A Beloved Wife (Kigeki aisai monogatari)first published as a programme note for The Japan Foundation Touring Film Programme 2021 – Online Special
The typical romantic comedy conforms to a fixed set of tropes: the meet-cute, love at first sight, a range of obstacles impeding the romance’s progress (often involving a love rival), and finally marriage (or at least consummation), and a closing implication that the besotted couple will live happily ever after. The title of Shin Adachi’s A Beloved Wife (in Japanese, 喜劇 愛妻物語, translating literally as ‘Comedy Love Wife Story’) may seem to promise this genre, but is in fact a sort of anti-romcom. Set ten years after Gota Yanagida (Gaku Hamada) and Chika (Asami Mizukawa) got hitched, the film’s focus is on the wear and tear in a fraying relationship from which the romance has long since evaporated, with marriage itself presented more as a fighting arena than an idealised haven from the harsh realities of the outside world. The sign on the Yanagidas’ apartment door may announce a ‘Merry Home’, but inside is only frustration, resentment and recrimination.
“It’s been about two months since I last had sex with my wife,” is the opening line of the film, delivered in a voiceover from Gota which goes on not just to detail his horniness, but also to state that the only thing stopping him fulfilling his needs with a prostitute is his inability to afford one. “I want to have sex once or twice a month at least,” he says, in words that are juxtaposed to the image of a motivational post-it note at his desk which reads: “I wish to write script for a serial drama and a popular film once a year!” Yet the ‘honorable mention’-winning screenplay Violent Hot Spring that he wrote a decade ago was his last tangible success – and now his professional and sexual frustrations have become tightly bound together. “If I were a popular, successful scenario writer,” Gota says, “I would want to take one or two mistresses.” Yet if he were a more successful scenario writer, Chika might also be more willing to have sex with him. As things are, she has been worn down by her ‘loser’ husband’s litany of failures, and the need that this has created for her work to support both of them. When we first see this couple in bed, their young daughter Aki (Chise Niitsu) is lying between them – but far from being an impediment to their relationship (and their sexual relations), Aki is the only thing keeping her unhappy parents together. In a sense, she is always between them, stuck in the middle between an irresistible force and an immovable object.
Loosely structured around a budget trip taken by this Tokyo family to Kagawa province, A Beloved Wife is a series of holiday snapshots that encapsulate this family doing what it always does. Gota is ostensibly touring the region for research on a spec screenplay, even though he and Chika learn on the first day that this new project, like so many others, has fallen through. So now the ever appetitive Gota hopes to live it up with the local food and some vacation sex, even as Chika makes a performative display of keeping the purse strings tight, and also roundly rebuffs Gota’s every advance, while drinking as much as she can in a vain attempt to dull her misery and rage. Neither is particularly likeable, but Gota comes in for particularly vicious scrutiny, as his randy quest for satisfaction marks him an inattentive father, a manipulative adulterer and a creepy sex pest. Chika may be relentless in accusing him of wheedling manipulation and pathetic fecklessness, but it is also clear that her endless henpecking harangues are bang on target.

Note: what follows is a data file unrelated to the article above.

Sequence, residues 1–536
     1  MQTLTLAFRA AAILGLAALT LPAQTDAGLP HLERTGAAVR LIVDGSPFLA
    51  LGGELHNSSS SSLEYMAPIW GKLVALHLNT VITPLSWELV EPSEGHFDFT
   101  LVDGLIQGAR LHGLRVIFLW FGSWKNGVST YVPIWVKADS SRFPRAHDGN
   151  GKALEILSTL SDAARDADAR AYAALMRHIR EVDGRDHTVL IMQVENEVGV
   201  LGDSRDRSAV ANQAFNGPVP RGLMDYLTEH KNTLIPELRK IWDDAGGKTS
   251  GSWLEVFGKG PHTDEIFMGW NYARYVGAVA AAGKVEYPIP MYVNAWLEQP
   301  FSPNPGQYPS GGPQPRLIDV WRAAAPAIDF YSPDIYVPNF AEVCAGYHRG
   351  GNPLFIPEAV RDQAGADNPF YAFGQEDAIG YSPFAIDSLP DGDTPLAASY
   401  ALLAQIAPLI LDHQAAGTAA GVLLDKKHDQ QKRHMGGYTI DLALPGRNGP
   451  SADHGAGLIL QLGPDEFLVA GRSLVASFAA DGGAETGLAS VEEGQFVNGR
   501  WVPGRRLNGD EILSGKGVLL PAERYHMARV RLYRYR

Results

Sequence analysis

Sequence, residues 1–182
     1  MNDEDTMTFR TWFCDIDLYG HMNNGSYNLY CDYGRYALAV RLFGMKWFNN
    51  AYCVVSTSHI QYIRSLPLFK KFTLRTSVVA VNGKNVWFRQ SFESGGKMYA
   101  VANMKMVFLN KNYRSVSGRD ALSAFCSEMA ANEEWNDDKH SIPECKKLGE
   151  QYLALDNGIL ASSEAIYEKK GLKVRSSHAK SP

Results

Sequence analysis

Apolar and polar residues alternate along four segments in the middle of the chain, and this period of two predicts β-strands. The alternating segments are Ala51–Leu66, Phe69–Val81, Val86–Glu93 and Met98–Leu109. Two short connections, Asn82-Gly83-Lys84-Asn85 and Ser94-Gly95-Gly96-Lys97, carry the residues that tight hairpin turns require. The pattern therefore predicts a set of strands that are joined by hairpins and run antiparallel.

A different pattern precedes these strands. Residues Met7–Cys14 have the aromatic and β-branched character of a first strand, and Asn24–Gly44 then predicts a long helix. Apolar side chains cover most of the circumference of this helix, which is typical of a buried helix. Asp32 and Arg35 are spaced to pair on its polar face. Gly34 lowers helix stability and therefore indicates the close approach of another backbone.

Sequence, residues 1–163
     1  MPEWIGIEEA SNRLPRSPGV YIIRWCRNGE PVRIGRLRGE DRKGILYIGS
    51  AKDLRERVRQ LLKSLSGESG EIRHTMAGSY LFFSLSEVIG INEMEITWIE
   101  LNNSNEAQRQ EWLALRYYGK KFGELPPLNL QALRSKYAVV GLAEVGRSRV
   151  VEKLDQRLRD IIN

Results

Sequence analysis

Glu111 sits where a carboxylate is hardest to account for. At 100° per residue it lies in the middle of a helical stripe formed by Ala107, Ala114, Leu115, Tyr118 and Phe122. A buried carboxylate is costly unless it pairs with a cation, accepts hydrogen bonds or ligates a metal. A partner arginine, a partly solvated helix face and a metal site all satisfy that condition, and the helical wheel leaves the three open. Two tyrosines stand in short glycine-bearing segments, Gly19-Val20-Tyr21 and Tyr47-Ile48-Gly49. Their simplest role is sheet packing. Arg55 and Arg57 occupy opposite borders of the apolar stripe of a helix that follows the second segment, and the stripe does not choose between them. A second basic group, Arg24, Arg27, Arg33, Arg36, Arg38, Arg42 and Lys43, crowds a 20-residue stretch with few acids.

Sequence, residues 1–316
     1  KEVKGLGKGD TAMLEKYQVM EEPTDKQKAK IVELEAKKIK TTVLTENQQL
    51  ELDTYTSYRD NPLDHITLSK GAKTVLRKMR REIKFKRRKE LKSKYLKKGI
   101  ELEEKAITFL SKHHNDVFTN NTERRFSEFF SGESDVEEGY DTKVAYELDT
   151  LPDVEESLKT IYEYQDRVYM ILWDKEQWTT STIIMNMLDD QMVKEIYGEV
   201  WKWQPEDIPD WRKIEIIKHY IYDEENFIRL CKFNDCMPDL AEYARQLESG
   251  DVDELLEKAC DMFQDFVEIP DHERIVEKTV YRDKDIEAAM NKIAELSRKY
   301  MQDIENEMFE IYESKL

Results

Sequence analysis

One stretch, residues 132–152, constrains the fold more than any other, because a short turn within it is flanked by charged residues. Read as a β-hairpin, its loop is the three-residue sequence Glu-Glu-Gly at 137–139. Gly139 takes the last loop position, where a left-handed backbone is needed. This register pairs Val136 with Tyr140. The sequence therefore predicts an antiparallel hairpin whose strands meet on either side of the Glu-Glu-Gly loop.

“It’s fun to watch them, isn’t it?”, comments Chika’s friend Yumi (Kaho) to Aki as the married couple launches into yet another rancorous slanging match. This is the paradox of Adachi’s film which, despite its shrill foregrounding of the Yanagidas’ deep dysfunction and prolonged pain, never ceases to amuse the viewer. This is helped by Shogo Kaida’s hilariously bombastic score, by a range of grotesque minor characters, and by the actor Hamada who, with his high-pitched voice and hangdog/horndog facial expression, plays Gota as an (in one scene, literally) arrested manchild who always looks like a little boy engaged in furtive naughtiness. Perhaps the bittersweet tone is best encapsulated by a climactic scene of crisis in which both Chika and Aki collapse in tears, and Gota, in trying to join them on the ground, cannot help laughing instead.
Adding to the film’s dark humour is the strange frisson of our knowledge that this warts-and-all portrait of a disintegrating family is in fact based on Adachi’s own home life. For Adachi has adapted his screenplay from his 2016 novel Chibusa ni Ka, which drew heavily from his own experiences as an out-of-work screenwriter and the stressful effects of unemployment on relations with his wife. So if the film seems ungenerous, even unforgiving, towards its characters, it is also, for all its exaggerated presentation, essentially autobiographical, with Adachi only laughing at himself. When, near the end, Gota discusses with Chika how he should start writing novels, and think about directing his own scripts, we are in a privileged position to know that this couple, for all their constant, seemingly terminal bickering, will come good in the end. After all, Gota, or at least his real-life model, will eventually find a way to turn his own writings into finished, funny films, and A Beloved Wife is itself, along with Adachi’s previous self-scripted 14 That Night (14 no yoru, 2016), the ultimate proof of his success – even if it will leave audiences wondering whether our priapic protagonist is now getting any at home.
strap: Shin Adachi’s semi-autobiographical, self-flagellating dramedy traces a feckless, fuckless screenwriter’s troubled family life
© Anton Bitel